What You Need to Know About the Alaska Earthquake

During the morning rush hour in Anchorage, Alaska, the city of nearly 300,000 was rocked by a major earthquake. The epicenter was approximately 8 miles north of the city.

It appears the city received magnitude 6 to 6.5 shaking, which is enough to cause damage, but not catastrophic. Remember, a magnitude 7 is 10 times stronger than a magnitude 6.

Earthquake intensity is based on a base 10 logarithmic scale. This earthquake damage is like a storm surge.

During Hurricane Michael, the most severe damage was confined to Mexico Beach, Florida. The damage along the remainder of the Panhandle was bad, but not catastrophic.

Thankfully, this earthquake was not directly underneath Anchorage.

Alaska is no stranger to earthquakes, but remember, much of the state is uninhabited. This earthquake, unfortunately, rocked the most populated part of the state.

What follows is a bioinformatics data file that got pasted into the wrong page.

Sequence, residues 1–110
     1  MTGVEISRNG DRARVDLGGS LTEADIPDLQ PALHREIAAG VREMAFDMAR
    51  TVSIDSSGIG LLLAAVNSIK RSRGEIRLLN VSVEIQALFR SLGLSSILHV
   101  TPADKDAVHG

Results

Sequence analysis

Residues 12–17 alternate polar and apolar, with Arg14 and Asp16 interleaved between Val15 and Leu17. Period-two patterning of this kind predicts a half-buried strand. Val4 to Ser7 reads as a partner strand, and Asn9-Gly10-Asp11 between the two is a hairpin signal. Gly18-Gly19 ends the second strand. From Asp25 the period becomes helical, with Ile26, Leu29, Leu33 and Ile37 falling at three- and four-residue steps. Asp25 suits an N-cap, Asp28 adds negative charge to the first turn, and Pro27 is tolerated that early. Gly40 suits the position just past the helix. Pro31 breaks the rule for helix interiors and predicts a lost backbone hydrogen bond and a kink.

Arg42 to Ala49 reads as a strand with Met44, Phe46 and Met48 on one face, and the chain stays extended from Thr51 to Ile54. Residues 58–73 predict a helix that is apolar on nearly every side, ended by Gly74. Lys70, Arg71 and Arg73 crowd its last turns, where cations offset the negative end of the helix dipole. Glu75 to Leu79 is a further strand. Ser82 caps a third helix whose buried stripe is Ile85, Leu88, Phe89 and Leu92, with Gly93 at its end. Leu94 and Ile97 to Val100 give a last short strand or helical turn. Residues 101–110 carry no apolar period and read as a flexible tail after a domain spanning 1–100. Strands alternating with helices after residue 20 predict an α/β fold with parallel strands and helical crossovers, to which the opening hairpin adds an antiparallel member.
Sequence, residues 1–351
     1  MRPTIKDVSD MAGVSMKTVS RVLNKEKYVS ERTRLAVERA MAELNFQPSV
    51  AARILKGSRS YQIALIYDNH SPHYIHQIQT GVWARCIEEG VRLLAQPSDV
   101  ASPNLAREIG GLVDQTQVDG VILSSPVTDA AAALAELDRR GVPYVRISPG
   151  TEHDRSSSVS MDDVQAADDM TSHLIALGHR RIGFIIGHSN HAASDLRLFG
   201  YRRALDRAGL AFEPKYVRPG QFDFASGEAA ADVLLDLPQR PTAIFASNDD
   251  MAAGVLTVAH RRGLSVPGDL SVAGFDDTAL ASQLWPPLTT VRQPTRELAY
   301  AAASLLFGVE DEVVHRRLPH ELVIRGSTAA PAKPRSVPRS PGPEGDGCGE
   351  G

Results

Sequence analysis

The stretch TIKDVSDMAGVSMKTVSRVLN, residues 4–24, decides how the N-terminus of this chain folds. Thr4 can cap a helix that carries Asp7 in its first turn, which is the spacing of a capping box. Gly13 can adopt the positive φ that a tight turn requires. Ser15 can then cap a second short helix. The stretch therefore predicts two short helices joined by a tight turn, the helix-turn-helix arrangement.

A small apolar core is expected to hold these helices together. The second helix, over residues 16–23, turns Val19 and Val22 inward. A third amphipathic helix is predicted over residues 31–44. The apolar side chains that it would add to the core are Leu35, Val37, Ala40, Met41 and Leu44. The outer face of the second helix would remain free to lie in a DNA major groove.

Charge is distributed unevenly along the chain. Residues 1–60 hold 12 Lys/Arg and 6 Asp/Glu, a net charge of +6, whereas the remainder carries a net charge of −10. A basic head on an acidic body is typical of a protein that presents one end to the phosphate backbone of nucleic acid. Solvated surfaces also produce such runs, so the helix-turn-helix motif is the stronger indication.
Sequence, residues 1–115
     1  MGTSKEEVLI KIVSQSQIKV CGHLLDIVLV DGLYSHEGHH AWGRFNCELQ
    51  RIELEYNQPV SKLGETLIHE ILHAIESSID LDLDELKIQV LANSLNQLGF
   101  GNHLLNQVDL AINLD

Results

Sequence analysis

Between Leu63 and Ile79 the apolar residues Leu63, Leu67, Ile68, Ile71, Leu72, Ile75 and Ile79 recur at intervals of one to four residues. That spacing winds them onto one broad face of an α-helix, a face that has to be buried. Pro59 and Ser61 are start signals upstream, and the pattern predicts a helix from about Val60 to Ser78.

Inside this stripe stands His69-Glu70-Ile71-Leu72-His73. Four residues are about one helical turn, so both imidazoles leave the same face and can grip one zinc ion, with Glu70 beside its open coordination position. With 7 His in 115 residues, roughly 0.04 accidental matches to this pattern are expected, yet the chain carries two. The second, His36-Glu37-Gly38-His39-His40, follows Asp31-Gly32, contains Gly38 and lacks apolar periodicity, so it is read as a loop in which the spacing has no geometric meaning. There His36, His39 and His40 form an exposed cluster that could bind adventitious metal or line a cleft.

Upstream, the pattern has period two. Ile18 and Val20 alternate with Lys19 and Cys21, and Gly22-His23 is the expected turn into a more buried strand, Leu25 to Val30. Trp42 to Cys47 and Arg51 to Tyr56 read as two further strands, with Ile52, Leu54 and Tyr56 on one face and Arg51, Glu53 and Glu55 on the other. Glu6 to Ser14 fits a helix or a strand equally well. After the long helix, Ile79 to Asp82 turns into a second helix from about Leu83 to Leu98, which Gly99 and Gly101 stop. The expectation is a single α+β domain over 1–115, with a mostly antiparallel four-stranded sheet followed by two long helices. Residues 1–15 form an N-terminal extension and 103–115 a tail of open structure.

Alaska, on average, sees one “great” magnitude 8.0 or high earthquake every 13 years, one magnitude 7-8 earthquake every year, and six magnitude 6-7 earthquakes per year.

Alaska is also home to the strongest earthquake in US history – a 9.2 quake back in 1964.

This part of Alaska sits on the edge of the North American Plate and the Pacific Plate. The North American Plate is moving west and the Pacific Plate is moving northwest.

Friction builds between the moving plates and eventually, they slip causing an earthquake. Horizontal movement of the plates causes a column of water to be displaced and that heightens the threat for a tsunami.

Although the epicenter of the quake was north of the city, there was still relatively significant damage and that’s because it was shallow. The more shallow the earthquake, typically the worse the damage.

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